Wireless Wi-Fi network security tutorial 101 (part 1)
Wireless Wi-Fi network security tutorial 101 (part 1)
Even though wireless or Wi-Fi network security is the bread and butter of today's IT Wi-Fi infrastructure, many networking specialists still fear wireless networks because of horror stories from around the world. However, these horror stories happen only in unprotected and unsecure wireless networks.
Protected and well managed wireless networks can be almost as reliable as physical wired networks, and we hope this wireless network security tutorial can help you to achieve your security goals.
Poorly implemented wireless networks are just about the same thing as removing locks from your office door. But the alternative some organizations have chosen -- simply banning wireless networks from the premises -- is not much better. Wireless security is achievable.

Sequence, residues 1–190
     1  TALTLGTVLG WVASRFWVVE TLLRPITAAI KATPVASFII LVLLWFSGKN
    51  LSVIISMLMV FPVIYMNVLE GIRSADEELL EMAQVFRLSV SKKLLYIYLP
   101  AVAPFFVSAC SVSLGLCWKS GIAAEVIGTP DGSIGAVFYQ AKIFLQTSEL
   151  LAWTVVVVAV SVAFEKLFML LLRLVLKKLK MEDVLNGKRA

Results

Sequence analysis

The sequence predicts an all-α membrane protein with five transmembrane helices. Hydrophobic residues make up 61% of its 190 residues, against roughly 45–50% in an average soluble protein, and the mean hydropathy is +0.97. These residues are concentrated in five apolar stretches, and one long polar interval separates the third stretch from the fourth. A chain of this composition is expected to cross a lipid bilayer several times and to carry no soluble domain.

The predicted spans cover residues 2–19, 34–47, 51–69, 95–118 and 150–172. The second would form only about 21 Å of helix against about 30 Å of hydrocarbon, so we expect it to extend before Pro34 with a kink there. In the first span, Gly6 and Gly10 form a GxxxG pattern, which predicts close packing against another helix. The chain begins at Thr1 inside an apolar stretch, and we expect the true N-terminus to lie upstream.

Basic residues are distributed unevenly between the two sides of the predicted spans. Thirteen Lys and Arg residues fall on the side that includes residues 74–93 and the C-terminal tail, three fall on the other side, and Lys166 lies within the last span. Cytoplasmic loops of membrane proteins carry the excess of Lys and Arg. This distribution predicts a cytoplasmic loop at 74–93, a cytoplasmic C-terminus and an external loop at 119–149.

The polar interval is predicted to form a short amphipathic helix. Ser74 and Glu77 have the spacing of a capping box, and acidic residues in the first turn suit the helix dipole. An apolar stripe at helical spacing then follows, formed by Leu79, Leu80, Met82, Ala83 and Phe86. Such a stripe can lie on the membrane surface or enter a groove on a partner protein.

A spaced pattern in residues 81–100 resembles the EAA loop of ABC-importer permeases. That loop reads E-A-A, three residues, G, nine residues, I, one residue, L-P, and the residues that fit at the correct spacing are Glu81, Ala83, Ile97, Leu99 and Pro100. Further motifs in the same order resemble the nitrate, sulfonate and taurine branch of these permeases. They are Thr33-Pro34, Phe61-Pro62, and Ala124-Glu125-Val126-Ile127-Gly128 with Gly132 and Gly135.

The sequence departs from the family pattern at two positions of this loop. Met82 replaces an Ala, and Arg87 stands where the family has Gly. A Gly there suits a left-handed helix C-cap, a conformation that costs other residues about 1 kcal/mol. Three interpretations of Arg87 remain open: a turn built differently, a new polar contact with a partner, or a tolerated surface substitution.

Since wireless communications are transmitted through the air rather than over a closed cable, it is necessary to implement some wireless-specific security measures to ensure that wireless communication is as secure as wired communication. When implementing a wireless network, we can choose from a number of tactics.
Wireless security: MAC addressing
Each network card has a unique hardware identification number, commonly called the MAC address (MAC stands for Media Access Control). The standard (IEEE 802) format for printing MAC-48 addresses in humanly-friendly form is six groups of two hexadecimal digits, separated by hyphens (-) or colons (:), in transmission order, that is for example 01-23-45-67-89-ab, 01:23:45:67:89:ab.